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This moated 16th century mansion was constructed of honey-coloured Ham Hill stone. Its design combined pure Gothic style with a French Renaissance influence. The Tudor house was built to an E-plan and the south (originally the entrance) front is remarkably symmetrical. The simple vertical lines of the house lead the eye up past the mullioned windows to the gabled roof where the twisted chimneystacks and finials look like enormous chess pieces.
The builder of Barrington Court is uncertain; it was either Henry, 2nd Lord Daubeney or William Clifton, a prosperous London merchant. The Daubeney family, who had owned the Somerset estate since at least 1236, were ambitious members of the Tudor court. In 1552 the 2nd Lord sold the property to William Clifton to support his expensive lifestyle at Court. After Clifton's ownership the house passed through several hands before it was acquired in around 1623 by the Strode family. They lived at Barrington Court for 150 years and in 1670 William Strode built the fine brick stable block that adjoins the house.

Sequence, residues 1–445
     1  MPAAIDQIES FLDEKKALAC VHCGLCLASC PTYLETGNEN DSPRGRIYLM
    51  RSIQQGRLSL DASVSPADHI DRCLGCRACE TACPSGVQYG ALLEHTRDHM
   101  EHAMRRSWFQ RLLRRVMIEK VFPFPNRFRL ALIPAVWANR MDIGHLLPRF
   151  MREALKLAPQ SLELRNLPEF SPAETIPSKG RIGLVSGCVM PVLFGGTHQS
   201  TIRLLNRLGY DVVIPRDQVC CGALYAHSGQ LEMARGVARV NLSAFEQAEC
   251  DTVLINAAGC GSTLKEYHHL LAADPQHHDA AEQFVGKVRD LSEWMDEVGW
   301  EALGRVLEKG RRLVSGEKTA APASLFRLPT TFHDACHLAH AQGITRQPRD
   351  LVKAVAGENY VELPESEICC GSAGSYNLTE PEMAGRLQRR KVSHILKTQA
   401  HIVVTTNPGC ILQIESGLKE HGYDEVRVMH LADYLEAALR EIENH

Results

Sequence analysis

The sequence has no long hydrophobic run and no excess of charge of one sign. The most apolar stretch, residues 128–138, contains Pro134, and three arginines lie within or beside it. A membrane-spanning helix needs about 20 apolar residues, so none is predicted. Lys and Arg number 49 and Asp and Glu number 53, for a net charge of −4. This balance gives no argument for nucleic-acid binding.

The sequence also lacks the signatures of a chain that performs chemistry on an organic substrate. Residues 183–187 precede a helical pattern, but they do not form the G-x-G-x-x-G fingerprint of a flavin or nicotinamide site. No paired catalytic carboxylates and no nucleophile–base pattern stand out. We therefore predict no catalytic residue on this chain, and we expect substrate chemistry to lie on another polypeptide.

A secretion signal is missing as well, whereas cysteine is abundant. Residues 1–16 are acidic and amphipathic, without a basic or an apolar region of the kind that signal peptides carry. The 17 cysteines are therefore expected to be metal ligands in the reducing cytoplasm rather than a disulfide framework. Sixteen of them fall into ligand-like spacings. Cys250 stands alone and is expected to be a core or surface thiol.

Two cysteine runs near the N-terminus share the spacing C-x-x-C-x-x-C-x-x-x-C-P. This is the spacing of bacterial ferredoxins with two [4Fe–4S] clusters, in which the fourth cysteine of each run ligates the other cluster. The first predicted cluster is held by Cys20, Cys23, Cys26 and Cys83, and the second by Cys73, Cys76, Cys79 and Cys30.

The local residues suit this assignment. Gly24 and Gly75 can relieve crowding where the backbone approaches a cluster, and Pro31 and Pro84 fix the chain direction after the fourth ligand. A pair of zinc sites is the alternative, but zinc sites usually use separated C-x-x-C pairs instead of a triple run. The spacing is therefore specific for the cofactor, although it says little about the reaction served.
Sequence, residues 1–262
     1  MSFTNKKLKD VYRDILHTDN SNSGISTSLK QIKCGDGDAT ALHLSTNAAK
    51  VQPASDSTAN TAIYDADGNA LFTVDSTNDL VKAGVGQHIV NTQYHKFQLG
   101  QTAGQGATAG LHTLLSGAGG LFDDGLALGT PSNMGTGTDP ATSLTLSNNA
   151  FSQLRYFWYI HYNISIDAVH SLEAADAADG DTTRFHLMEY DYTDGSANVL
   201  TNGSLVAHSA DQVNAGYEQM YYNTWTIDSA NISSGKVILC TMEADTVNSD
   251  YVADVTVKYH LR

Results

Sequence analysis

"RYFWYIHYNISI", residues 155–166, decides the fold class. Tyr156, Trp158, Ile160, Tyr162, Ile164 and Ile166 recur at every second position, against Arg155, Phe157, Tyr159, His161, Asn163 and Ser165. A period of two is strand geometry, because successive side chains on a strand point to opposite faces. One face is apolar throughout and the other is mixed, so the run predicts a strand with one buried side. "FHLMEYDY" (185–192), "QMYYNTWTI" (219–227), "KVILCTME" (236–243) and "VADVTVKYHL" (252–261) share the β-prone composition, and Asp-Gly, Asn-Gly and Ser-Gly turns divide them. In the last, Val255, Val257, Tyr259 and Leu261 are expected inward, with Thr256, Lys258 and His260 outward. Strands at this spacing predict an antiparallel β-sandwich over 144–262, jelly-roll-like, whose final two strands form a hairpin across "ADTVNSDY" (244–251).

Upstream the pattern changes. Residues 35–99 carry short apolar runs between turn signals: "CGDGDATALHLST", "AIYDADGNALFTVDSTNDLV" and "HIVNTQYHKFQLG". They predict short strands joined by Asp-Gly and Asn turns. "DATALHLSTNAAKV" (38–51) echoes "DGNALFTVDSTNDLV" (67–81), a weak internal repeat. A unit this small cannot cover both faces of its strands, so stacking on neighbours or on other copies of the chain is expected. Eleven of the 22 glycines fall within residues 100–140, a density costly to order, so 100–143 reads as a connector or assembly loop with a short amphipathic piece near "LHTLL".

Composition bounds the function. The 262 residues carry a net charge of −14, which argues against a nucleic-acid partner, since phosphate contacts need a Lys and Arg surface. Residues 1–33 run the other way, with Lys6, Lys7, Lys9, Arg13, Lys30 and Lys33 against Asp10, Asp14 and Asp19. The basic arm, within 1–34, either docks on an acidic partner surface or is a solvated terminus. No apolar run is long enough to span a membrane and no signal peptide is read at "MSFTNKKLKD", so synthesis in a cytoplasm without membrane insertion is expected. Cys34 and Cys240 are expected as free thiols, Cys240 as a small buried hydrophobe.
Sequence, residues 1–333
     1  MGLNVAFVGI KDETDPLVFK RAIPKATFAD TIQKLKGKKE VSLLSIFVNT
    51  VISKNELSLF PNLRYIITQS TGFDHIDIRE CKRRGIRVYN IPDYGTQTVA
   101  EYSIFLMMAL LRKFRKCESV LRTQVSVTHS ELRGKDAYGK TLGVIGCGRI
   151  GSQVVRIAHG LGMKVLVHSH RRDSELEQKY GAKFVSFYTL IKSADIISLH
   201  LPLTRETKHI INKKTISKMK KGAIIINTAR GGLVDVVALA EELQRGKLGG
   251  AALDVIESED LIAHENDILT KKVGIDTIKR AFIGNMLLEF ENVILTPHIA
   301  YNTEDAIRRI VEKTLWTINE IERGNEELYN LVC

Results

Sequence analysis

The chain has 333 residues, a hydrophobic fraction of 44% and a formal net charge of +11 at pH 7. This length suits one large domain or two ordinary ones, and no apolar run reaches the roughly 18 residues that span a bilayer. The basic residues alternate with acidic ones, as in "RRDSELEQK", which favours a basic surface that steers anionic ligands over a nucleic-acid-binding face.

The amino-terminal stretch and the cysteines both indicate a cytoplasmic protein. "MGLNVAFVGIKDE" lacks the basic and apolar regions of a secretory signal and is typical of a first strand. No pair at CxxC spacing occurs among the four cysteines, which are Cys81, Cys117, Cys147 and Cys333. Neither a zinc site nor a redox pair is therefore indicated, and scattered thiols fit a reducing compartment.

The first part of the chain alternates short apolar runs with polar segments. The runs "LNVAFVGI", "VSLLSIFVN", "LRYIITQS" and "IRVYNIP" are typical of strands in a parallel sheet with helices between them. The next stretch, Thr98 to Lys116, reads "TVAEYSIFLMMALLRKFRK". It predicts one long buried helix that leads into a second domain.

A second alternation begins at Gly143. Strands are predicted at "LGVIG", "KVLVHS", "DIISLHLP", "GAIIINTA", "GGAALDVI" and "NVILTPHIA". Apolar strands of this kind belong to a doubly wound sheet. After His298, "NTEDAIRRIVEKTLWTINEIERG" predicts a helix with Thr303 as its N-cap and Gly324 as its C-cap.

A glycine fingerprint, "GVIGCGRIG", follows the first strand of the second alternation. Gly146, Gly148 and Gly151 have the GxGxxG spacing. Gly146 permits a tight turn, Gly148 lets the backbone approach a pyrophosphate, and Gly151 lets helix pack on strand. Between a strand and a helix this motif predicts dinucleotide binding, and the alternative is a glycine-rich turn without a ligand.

During the 19th century Barrington Court changed hands on numerous occasions and it gradually fell into disrepair. In 1907 the property was purchased by the National Trust, the first sizeable country house to come into its possession. It was not until the house was leased to Colonel A.A. Lyle in 1920 that the building was completely restored and refurbished.
The Barrington Court Garden was laid out in the 1920's by the Lyles to a structured design influenced by Gertrude Jekyl - especially evident in the graceful Lily Garden.
The garden is divided into several sections with a stunning white garden and white flowering and silver leaved plants in outer and inner borders, Pergolas support wisteria, clematis and honeysuckles.
There is a central pool garden with surrounding beds of annuals. Large kitchen garden. You will see fabulous displays of sweetpeas which add great colour to the gardens at Barrington Court.
Well worth a visit. The house is also open to the public.